Quality of life, symptoms and care needs in patients with persistent or recurrent platinum-resistant ovarian cancer: An NRG Oncology/Gynecologic Oncology Group study


      • In recurrent ovarian cancer, the most common unmet need is in the symptom dimension.
      • The most common symptom is fatigue.
      • Nearing the end of life there are associations between symptoms, unmet need, and QOL.



      The goals of treating recurrent platinum-resistant ovarian cancer are palliative, aimed at reducing symptoms and improving progression free survival. A prospective trial was conducted to determine the prevalence and severity of symptoms, and associated care needs.


      Eligible women included those with persistent or recurrent platinum-resistant ovarian cancer with an estimated life expectancy of at least 6 months. The Needs at the End-of-Life Screening Tool (NEST), FACIT-Fatigue (FACIT-F), NCCN-FACT Ovarian Symptom Index [NFOSI-18]; Disease Related Symptoms (DRS), Treatment Side Effects (TSE), and Function/Well Being (F/WB) were collected at study entry, 3 and 6 months.


      We enrolled 102 evaluable patients. Initiation of Do Not Resuscitate (DNR) discussions increased over time from 28% at study entry to 37% at 6 months. At study entry, the most common disease-related symptoms were fatigue (92%), worry (89%), and trouble sleeping (76%); 73% reported being “bothered by treatment side effects”, which included nausea (41%) and hair loss (51%) neither of which changed over time. The most common NEST unmet needs were in the symptom dimension. The social dimension was associated with F/WB (p = 0.002) and FACIT-F (p = 0.006); symptoms were associated with DRS (p = 0.04), TSE (p = 0.03), and FACIT-F (p = 0.04); existential was not associated with any of the patient-reported symptoms; therapeutic was associated with F/WB (p = 0.02).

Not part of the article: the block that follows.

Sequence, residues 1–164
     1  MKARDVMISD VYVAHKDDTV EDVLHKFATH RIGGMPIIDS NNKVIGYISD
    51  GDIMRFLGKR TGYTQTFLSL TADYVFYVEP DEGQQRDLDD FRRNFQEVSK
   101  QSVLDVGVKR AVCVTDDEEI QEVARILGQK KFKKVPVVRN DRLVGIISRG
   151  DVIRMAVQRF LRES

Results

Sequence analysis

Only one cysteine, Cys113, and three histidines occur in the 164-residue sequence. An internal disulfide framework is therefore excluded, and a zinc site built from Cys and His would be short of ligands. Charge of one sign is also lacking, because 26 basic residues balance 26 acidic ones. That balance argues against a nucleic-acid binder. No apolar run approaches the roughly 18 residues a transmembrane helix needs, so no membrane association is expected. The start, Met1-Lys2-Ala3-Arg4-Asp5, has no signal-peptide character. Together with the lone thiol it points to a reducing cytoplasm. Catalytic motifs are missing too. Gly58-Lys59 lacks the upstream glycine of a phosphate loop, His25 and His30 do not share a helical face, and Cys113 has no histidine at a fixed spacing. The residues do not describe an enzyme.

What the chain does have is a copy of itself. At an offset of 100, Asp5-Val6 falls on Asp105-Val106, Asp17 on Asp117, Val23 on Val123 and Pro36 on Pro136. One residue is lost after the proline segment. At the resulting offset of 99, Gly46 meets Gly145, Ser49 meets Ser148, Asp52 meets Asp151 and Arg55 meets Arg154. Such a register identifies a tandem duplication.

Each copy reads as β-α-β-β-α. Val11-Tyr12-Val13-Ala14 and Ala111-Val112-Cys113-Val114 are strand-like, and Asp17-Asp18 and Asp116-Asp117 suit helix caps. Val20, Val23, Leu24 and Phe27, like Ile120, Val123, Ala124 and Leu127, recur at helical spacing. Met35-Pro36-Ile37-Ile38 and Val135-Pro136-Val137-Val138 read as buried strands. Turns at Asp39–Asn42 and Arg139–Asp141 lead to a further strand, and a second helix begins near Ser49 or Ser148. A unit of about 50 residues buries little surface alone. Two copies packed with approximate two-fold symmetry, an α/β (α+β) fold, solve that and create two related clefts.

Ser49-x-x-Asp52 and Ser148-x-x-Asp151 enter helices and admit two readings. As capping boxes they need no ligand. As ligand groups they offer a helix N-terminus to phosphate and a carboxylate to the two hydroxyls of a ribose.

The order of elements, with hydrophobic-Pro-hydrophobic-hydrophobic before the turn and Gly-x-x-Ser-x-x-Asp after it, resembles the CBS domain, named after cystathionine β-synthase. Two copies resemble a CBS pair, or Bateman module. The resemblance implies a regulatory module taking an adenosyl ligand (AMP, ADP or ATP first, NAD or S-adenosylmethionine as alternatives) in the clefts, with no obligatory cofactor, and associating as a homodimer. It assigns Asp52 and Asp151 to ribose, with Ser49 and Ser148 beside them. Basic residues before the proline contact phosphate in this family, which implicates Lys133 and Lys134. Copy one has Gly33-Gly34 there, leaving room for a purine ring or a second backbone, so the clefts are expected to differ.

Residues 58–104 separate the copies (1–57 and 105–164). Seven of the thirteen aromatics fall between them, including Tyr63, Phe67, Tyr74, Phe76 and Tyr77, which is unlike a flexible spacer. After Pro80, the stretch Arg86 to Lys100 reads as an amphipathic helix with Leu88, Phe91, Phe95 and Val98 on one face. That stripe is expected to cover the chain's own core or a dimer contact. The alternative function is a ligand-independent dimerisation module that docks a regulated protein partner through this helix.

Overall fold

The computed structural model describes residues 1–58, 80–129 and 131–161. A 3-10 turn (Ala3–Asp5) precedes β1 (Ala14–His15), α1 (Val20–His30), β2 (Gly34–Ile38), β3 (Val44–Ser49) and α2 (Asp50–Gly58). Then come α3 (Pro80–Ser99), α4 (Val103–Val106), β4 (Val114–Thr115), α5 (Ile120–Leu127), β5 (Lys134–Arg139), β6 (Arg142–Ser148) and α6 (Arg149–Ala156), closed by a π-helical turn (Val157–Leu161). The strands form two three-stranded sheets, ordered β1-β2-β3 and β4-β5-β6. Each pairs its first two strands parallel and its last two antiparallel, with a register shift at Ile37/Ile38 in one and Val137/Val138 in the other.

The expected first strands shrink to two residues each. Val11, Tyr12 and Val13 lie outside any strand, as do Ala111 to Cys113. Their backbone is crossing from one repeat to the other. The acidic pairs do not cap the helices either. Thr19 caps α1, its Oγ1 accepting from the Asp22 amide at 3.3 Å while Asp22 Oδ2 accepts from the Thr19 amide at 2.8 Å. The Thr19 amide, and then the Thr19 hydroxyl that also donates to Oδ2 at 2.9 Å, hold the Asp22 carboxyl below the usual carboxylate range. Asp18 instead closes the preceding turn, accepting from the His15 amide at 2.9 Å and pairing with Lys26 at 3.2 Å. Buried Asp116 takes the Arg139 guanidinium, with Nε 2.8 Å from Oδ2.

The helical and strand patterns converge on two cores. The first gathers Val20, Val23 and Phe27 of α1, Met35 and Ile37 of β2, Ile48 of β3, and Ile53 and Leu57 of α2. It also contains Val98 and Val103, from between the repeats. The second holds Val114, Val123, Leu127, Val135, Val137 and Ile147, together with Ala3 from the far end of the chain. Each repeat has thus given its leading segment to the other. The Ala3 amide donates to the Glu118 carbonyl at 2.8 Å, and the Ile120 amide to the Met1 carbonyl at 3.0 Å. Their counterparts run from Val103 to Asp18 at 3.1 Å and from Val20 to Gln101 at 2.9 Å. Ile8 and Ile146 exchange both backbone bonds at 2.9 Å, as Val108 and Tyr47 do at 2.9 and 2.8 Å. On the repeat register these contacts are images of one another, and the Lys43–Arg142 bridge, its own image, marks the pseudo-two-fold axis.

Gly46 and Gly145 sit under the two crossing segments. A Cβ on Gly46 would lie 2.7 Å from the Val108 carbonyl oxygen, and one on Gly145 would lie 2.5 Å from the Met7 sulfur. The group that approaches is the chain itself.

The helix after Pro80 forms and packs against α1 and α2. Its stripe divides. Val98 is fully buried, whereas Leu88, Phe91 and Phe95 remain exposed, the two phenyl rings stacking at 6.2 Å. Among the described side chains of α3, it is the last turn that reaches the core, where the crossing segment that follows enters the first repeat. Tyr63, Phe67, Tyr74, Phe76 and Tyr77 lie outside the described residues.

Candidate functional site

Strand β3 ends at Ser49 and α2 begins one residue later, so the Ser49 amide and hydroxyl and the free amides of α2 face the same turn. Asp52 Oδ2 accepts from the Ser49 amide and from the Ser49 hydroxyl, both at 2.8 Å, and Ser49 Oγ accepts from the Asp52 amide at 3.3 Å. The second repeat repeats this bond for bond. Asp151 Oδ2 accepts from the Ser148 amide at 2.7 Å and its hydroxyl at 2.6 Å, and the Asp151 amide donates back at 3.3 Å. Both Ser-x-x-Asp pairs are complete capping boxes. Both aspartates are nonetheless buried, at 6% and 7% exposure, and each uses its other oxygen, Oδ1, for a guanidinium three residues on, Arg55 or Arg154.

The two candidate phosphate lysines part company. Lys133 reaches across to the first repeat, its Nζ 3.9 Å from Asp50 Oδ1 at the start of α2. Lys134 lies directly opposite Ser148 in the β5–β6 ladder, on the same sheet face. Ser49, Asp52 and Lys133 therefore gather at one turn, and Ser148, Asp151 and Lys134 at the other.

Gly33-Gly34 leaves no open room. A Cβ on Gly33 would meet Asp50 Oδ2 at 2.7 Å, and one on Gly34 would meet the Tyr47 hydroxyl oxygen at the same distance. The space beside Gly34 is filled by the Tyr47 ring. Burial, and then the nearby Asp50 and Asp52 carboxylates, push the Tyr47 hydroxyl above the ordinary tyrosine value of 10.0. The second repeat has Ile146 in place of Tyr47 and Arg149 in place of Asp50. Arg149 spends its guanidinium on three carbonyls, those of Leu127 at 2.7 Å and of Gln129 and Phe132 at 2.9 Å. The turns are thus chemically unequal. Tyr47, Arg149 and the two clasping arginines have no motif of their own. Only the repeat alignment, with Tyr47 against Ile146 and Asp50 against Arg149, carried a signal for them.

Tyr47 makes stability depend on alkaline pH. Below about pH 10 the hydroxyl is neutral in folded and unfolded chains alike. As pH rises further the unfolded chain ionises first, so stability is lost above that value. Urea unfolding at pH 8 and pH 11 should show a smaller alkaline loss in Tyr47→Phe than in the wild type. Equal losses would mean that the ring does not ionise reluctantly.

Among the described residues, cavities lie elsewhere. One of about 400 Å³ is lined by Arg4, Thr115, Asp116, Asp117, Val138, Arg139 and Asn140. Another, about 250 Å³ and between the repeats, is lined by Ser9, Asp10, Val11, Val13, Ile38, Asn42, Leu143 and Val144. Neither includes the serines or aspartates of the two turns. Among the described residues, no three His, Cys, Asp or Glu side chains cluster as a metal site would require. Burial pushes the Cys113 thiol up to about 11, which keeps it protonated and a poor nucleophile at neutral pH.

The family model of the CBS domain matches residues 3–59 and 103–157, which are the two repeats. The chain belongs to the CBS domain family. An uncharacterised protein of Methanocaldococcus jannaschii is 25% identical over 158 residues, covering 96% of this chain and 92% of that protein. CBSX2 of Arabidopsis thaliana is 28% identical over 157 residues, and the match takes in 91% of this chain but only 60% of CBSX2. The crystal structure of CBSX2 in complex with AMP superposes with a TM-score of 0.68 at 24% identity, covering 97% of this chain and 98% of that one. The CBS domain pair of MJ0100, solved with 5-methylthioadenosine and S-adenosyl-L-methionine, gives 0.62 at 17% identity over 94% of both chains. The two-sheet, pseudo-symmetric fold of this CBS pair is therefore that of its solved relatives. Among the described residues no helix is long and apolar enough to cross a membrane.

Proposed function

In patients nearing the end of life, there are significant associations between disease and treatment related symptoms and unmet patient needs, which do not change substantially over time. Careful exploration of specific end-of-life care needs can improve patient-centered care and QOL.


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